In Martha Ehlman’s store, Tenfold Fair Trade Collection, in Harpers Ferry, West Virginia, customers enjoy learning about artisans’ stories from the staff as well as postings throughout the store. Ehlman also provides the stories printed out with purchases so the recipient of the item can learn more about the product and the artisan. “Making this vital connection for consumers between the product they purchase and the people crafting it is extremely important to us and to the sale of these wonderful products,” says Ehlman.

So, what’s selling? Having a wide range of fair trade products helps and although most wholesalers and retailers agree that jewelry is their number one category seller, it’s important to offer variety. Christopher Keefe, owner of Minga Fair Trade Imports, a wholesale distributor of fair trade goods from small artisan groups and families in economically challenged regions, suggests buying a variety of colors of one items, such as scarves, keeping displays well-stocked and not falling into the trap of buying only what you like.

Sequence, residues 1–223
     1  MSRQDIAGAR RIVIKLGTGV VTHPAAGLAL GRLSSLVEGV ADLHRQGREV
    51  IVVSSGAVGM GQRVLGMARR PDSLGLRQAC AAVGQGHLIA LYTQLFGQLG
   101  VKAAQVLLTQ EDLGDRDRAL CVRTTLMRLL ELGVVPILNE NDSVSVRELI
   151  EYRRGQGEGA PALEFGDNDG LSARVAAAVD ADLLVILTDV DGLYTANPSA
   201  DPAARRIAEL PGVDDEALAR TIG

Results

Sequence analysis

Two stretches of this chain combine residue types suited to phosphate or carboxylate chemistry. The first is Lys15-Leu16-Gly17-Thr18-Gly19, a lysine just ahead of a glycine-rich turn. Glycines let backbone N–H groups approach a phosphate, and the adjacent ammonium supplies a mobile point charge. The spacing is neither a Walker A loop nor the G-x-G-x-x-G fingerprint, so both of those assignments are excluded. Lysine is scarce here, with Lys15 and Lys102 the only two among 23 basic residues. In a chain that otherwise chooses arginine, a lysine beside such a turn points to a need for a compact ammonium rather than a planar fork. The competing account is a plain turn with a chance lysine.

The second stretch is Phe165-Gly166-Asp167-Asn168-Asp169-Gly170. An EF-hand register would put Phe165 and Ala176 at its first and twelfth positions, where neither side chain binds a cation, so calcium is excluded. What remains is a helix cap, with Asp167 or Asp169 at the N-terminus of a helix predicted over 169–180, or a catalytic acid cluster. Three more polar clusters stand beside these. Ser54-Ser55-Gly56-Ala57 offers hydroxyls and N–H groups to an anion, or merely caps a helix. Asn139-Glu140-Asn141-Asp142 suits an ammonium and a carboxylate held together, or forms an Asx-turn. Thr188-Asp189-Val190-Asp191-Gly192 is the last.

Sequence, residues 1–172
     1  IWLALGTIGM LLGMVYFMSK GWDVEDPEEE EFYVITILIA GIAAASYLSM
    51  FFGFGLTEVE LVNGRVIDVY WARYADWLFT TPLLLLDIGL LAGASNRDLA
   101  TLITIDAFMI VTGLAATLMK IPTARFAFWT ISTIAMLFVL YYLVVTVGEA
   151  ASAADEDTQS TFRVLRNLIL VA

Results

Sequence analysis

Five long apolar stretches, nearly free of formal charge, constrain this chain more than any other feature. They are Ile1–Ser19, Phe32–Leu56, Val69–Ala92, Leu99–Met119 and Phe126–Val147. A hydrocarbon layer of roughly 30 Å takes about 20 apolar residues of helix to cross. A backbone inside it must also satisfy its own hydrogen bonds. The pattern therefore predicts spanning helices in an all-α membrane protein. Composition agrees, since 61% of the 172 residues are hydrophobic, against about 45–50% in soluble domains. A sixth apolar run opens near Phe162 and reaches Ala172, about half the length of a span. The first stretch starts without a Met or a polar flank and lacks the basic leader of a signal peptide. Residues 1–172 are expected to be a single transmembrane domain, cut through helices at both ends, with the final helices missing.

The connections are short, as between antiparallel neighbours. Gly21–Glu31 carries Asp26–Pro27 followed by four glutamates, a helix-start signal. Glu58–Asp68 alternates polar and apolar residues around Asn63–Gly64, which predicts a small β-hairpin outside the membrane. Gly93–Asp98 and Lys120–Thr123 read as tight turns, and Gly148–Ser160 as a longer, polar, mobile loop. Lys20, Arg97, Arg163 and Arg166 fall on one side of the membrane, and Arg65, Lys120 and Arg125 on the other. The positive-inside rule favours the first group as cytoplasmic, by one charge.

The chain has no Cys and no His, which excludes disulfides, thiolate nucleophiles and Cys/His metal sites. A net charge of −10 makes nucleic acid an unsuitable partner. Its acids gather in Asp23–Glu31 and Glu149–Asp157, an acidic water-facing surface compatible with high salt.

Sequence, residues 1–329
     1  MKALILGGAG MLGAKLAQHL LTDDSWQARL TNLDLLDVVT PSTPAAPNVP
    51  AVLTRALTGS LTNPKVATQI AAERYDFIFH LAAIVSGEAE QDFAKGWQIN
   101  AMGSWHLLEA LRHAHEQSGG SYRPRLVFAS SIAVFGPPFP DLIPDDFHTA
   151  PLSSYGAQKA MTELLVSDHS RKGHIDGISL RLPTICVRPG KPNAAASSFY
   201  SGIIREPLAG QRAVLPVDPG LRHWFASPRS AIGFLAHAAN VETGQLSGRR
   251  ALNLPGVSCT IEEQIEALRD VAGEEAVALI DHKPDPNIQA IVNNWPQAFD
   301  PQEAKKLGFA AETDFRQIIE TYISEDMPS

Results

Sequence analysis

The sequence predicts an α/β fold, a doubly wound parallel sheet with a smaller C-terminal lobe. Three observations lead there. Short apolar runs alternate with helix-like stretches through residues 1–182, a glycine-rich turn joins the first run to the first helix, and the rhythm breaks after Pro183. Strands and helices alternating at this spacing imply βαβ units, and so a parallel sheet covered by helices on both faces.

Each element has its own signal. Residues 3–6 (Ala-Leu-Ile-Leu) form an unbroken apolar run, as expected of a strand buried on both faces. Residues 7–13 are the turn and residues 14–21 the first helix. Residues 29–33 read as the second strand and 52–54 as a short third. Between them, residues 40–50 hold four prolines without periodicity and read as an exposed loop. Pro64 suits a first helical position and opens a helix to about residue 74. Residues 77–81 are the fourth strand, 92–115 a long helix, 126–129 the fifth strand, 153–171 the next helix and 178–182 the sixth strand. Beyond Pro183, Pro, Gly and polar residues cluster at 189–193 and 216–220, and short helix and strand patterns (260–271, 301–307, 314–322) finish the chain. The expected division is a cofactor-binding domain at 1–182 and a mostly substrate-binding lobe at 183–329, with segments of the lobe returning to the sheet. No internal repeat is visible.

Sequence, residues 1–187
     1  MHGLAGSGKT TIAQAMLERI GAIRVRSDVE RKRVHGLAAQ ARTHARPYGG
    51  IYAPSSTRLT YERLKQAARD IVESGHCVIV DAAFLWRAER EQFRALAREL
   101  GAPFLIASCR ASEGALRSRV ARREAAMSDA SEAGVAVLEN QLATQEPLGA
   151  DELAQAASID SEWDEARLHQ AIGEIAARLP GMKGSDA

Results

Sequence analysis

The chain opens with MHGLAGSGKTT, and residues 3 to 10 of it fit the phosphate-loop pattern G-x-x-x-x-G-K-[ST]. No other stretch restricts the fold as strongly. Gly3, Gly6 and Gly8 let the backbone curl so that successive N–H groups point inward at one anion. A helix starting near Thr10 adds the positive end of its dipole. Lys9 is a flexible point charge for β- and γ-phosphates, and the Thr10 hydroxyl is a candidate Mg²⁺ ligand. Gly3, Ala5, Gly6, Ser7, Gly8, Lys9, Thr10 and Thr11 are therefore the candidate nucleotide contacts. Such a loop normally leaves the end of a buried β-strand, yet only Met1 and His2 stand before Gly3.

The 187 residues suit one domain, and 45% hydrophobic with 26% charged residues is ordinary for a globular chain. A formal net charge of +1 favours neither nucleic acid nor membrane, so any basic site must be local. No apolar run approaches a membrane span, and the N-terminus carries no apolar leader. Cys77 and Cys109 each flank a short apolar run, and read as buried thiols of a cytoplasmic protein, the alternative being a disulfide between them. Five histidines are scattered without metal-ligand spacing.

Not surprisingly, Jones is noticing eco-friendly products with a nod toward design doing well in the fair trade marketplace. “Successful recycled, upcycled fair trade products address design trends, integrate local flavor and, if possible, local-only materials with recycled materials, and require artisan handmade skills that are not easily reproduced in a factory,” she adds.

For some customers, the beauty of handmade products is what attracts them to fair trade merchandise. Other customers feel a need to be connected to the global world is what draws them to fair trade products. “People are tired of feeling helpless and realize that even small choices when combined can make a big difference,” says Keefe. Fair trade allows consumers to feel good about the purchases they are making that support not only the local economy and environment but has a ripple effect in the global community of which we’re all a part.

Megy Karydes

Megy Karydes is a professional writer and president of marketing/public relations consulting firm Karydes Consulting. She specializes in the gift and home industry. You can reach her by visiting